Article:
Skip to content

Viva la Revolution!

June 7, 2010

The year is 1777. The place is Valley Forge. George Washington and the Continental Army are in camp for the winter. This is where the English-US rivalry begins. After a friendly match between the two armies, Washington is disgusted by the way the Brits play, always knocking long balls up to Cornwallis, an unusually tall man. Any time the Americans get close to the British goal, they are scythed down by clumsy giants. The brutality and senseless violence of the English style appalls Washington, yet he senses that he must learn from it. To that end, Washington calls upon the American technical director Ben Franklin. Washington knows that he needs to play, and begs Franklin to find the side a coach. A few days later, Baron Friedrich Wilhelm von Steuben shows up to the camp, and begins training the men. He instills in them ruthless organization, and teaches them to play defense. They combine von Steuben’s principles with the rugged individualism, hard work, and fearlessness innate to their American character. The following Spring, finally ready, Washington agrees to play a competitive match with Cornwallis for West Point, NY. The Americans started out the game playing brilliantly, led by Washington in the midfield. They rained shot after shot on Cornwallis, who was playing in goal. At half-time, the Brits were still stunned and shocked. They had failed to put together an effective attack. In the second half they came to life, and put the American defense to the test. It wasn’t until late that the Brits were getting desperate. One of the American defenders, however, seemed to be talking a lot to the British. Then, with less than a minute left in the game, Washington was forced to play a backpass to the man, Benedict Arnold. Arnold hacked the ball in to the American net, and the English celebrated victory. Arnold quickly disappeared, but the Americans were enraged.

This is the true story of the beginnings of the English/American rivalry. Washington and his team would finally be avenged in 1950, when the Americans upset the British in Brazil, winning 1-0. Now, 60 years after avenging George Washington’s loss to Cornwallis, it is time to stand up against the Red Coats again. This week is a week of revolution, a week to over turn the established order of international soccer. It is a week to stand up against the British and show them that we are strong on our own. I mean, c’mon, surely we can beat a nation whose soccer fans do things like this:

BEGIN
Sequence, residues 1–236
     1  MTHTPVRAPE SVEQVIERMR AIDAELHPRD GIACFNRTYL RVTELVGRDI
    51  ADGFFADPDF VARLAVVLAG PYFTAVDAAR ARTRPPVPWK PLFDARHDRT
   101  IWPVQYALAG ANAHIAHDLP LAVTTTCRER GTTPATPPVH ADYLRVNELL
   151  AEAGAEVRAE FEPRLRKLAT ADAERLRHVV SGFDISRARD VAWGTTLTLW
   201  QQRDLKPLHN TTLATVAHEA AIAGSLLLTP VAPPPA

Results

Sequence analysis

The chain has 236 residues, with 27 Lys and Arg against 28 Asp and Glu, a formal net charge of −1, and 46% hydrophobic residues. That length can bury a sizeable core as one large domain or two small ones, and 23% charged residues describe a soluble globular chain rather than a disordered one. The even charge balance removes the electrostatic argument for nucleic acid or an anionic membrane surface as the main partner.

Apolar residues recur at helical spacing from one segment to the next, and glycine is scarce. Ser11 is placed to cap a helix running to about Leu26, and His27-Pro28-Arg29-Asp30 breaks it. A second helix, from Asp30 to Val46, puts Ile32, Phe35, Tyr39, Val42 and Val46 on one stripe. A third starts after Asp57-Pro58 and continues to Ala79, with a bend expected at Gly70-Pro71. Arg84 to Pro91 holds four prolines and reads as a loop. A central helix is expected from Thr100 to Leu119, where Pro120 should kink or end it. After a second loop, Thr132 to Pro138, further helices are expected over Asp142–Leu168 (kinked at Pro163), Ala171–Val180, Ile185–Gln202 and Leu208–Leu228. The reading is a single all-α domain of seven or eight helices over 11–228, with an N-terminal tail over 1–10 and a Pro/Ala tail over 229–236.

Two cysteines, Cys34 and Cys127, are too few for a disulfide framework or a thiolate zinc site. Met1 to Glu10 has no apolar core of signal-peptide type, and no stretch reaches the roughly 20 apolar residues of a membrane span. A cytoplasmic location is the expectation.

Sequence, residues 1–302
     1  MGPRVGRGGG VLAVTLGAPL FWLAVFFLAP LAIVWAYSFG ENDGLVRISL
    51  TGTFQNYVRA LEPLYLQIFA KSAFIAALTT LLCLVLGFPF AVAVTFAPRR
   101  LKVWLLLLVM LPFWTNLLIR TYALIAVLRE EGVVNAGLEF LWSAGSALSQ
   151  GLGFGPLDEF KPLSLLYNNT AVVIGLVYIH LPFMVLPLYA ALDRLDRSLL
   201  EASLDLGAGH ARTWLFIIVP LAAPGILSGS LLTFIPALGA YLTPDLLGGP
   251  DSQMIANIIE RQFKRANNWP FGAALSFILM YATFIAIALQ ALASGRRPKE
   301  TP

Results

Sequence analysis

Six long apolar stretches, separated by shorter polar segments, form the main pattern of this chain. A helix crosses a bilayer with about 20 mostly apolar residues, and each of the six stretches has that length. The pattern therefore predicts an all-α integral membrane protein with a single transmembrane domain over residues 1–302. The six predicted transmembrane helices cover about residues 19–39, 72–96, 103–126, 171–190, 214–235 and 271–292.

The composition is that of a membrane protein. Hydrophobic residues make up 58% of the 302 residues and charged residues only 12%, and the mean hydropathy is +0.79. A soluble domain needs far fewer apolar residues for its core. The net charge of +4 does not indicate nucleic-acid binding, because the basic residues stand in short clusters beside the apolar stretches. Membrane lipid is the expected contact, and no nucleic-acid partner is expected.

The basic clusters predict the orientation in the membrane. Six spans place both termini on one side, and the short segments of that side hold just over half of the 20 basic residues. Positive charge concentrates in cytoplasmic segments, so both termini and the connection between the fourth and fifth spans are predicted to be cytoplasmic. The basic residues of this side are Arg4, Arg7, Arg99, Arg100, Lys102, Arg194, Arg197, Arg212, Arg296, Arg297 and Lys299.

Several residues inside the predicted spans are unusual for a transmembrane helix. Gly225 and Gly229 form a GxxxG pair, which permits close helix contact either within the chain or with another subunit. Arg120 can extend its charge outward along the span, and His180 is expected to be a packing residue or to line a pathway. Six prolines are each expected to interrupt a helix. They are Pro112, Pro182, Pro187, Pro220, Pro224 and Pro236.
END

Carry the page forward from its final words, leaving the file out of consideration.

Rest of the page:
So ladies and gentleman, I invite you to the 2010 Revolution. This week, we will be pouring scalding hate and criticism toward our English cousins, and showing them just who it is they should expect to win come Saturday.

Advertisements
5 Comments leave one →
  1. Role Player permalink
    June 7, 2010 7:54 AM

    “…be everyFING that you need…” The English should be happy that we made their language intelligible. I hate the English ‘cause that can’t speak properly. I hate the Wanks!

  2. In Arsene We Trust permalink
    June 7, 2010 8:43 AM

    I don’t fink ‘ats very noice, Role Player. They ‘ave a great understandin’ of the English tongue.

  3. Role Player permalink
    June 7, 2010 12:41 PM

  4. June 8, 2010 10:24 AM

    What the bloody hell, England!?! http://msn.foxsports.com/foxsoccer/worldcup/story/american-flag-burning-by-liverpool-fans-should-incense-yanks You pride yourselves as being upstanding gentlemen, but you act no better than hooligans. It’s ok though because you have won as many World Cup on foreign soil as the United States has (ZERO). Have fun choking away another opportunity on penalties in the knockout stages. Oh and for the record, never been a fan of Liverpool anyways. And won’t be anytime soon.

  5. June 9, 2010 2:19 PM

    Clint Dempsey’s Unofficial World Cup Anthem:

    England’s Official World Cup Anthem:

    Yeah, I think America’s got this one. Think about the slaughter that Yorktown could have been back in the day and this is what you got.

Leave a Reply

Fill in your details below or click an icon to log in:

WordPress.com Logo

You are commenting using your WordPress.com account. Log Out / Change )

Twitter picture

You are commenting using your Twitter account. Log Out / Change )

Facebook photo

You are commenting using your Facebook account. Log Out / Change )

Google+ photo

You are commenting using your Google+ account. Log Out / Change )

Connecting to %s

%d bloggers like this: